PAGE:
Home Education Magazine
September-October 2004 - Articles and Columns
Homespun Games: Play by Your Own Rules - Dianne Wilton
Bring out your favorite board game---Pictionary, Monopoly, Snakes and Ladders, Aggravation! You already have fun playing it. Now it can be the stimulus for an even greater learning experience. Imagine your whole family gathered together around the kitchen table, laughing and sharing as you redesign that game to make it truly yours. You will be creating your own version to reflect your interests and to include the skills that are important to you.
We were enjoying a book about the Amazon when we decided to make a colorful jungle version of Snakes and Ladders, with vines for shortcuts and roots for hazards. If we land on the end of a vine, we swing ahead, but if our move ends at the top of a root, we follow the root back a few spaces. Instead of dice, we labeled the sides of origami cubes with any numbers from 1-9 to toss for multiplication (wood blocks work well, too). To keep the game going as long as possible, we decided our moves would just be the last digit of our answer when we multiplied the two cubes together (7 x 6 = 42, so the move is 2 spaces). Later, we included the option of calculating our best move, choosing whether to add, subtract or multiply. Lots of math, but the challenge of logical thinking is fun. We also decided to include chance spaces on the board, sending a player to a stack of jungle question cards for a bonus move. Returning to our book, we each found and wrote several questions for the pile, including the page numbers for the answers so they can be checked easily. Swinging Along the Amazon, full of our own ideas, is better than the original!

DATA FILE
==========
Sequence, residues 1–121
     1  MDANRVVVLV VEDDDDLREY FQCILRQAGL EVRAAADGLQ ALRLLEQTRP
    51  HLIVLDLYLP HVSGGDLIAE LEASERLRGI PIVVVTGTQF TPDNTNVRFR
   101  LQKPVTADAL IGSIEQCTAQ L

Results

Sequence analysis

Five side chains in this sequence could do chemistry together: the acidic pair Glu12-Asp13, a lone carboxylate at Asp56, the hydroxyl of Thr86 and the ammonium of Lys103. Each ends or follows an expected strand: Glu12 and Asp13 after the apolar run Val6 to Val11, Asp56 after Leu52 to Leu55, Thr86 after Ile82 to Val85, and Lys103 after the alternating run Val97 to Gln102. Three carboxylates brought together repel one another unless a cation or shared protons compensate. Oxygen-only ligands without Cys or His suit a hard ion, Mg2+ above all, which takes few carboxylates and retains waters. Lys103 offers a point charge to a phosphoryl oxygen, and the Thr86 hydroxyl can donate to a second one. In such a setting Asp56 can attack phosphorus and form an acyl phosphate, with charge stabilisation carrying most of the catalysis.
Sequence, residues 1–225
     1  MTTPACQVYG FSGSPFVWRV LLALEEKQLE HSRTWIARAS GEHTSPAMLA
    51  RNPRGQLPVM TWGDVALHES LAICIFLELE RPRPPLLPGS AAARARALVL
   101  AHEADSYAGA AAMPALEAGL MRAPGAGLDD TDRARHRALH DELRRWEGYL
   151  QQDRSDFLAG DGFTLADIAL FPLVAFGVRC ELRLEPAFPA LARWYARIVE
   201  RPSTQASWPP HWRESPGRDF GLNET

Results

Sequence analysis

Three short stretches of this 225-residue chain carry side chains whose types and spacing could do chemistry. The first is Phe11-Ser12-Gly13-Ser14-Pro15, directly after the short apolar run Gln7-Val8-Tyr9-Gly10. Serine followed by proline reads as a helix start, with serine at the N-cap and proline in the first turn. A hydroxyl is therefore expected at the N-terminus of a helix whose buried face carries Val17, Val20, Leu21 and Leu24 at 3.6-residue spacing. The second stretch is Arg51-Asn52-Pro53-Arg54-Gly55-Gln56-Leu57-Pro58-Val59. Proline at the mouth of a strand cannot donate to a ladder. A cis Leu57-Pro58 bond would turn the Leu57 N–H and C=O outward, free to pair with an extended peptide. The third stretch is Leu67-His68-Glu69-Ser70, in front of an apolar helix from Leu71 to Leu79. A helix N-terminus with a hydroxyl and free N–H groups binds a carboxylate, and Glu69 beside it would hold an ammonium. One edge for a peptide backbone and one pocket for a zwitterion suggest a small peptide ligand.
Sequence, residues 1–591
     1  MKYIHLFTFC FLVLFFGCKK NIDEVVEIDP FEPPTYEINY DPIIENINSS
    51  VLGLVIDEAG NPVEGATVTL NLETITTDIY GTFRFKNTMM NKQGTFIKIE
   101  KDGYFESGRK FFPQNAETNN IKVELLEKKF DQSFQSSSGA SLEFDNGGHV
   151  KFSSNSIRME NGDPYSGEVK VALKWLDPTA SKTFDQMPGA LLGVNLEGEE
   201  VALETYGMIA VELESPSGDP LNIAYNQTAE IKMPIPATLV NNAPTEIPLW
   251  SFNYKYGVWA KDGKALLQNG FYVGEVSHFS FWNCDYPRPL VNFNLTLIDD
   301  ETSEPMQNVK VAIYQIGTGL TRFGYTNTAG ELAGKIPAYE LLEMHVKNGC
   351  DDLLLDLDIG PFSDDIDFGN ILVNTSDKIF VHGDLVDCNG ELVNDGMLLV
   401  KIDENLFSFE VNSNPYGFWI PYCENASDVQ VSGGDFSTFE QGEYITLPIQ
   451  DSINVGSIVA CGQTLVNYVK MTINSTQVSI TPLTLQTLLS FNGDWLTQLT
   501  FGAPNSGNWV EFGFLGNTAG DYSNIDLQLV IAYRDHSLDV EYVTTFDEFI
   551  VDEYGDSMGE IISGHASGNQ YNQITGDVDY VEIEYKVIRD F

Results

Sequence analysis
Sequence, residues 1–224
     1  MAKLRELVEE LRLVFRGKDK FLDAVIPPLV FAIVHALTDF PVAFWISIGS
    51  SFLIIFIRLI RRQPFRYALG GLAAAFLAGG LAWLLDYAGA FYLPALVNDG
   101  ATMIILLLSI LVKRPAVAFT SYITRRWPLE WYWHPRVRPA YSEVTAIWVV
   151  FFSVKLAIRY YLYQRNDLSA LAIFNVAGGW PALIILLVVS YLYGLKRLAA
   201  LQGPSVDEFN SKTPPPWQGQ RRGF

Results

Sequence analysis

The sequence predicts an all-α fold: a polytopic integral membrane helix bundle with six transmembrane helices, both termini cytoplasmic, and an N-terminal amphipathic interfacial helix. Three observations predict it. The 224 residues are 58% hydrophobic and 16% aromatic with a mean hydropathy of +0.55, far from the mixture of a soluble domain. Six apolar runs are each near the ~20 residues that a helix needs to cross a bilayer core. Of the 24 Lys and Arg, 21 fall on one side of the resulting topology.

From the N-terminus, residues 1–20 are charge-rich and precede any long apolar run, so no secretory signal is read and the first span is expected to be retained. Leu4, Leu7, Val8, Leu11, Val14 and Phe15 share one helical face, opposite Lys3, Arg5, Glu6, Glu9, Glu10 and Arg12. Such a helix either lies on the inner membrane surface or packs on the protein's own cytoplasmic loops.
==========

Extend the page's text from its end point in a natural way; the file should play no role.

Maybe your game will be a ride down the Nile, or a flight to the moon. The skills of your game could include arithmetic, or building stories based on whatever research cards come up, or even spelling when that just has to be done. You can make it whatever you want!
Another of our favorite creations is Flea Market Ventures, a version of Monopoly but based on a much smaller wallet-size.
We got out the old game as a reminder of how it worked, and gathered pencils, felt pens, scissors and glue sticks. We opened a blank file folder and drew our own version of the familiar Monopoly neighborhood, bordered with colorful stands and tables. Some of the tables were given question marks. Landing on one of those squares became an opportunity to pick a "Chance" card, giving us a windfall or a surprise expense. ("You had some old stamps and one turned out to be worth a whole dollar" or "You suddenly remembered your friend's birthday and you want to buy him a baseball card for 75 cents.) Another space on the board was labeled "Allowance" where we would receive $2.00 each time we passed. Then we cut out catalog pictures, from snowboards to popcorn cookers, and labeled them with garage-sale prices. These are kept in a small zip-lock plastic bag so that we can place them randomly along the tables each time we play.
The traditional game of Monopoly has play money but because we've recently started credit union accounts, we use a debit-credit accounting sheet. We each start with $20.00 in our balance and our objective is to be the first player to reach $60.00. We take turns tossing our homemade dice to move around the board, buying objects and recording the debits or credits, always keeping a running balance. When a player purchases a flea market treasure, he places a colored disk on the table where he bought it to show that object is his. If another player lands on that spot, he must rent the object from the owner at 10% of the cost. Younger players might prefer a constant amount for rent. You might want to use fractions.
Flea Market Ventures and Swinging Along the Amazon are fun to play, but they were even more fun to make! Your family can be game-designers, too. Bring out a game your family is already familiar with and have fun piggy-backing onto it. Make the game reflect your own interests, and brainstorm ideas as you play with "what-if" scenarios. Include incentives or problems, as well as skills and luck. Develop rules that work for your family and be ready to adapt them as you play. A game can only grow! Have fun creating your games, and enjoy the learning that you may not even notice happening.
So what is next on your game table? Instead of moving marbles in Aggravation, your team of pirates may be collecting golden spelling words as they try to reach the treasure chest first.
© 2004 Dianne Wilton
September-October 2004 - Articles and Columns
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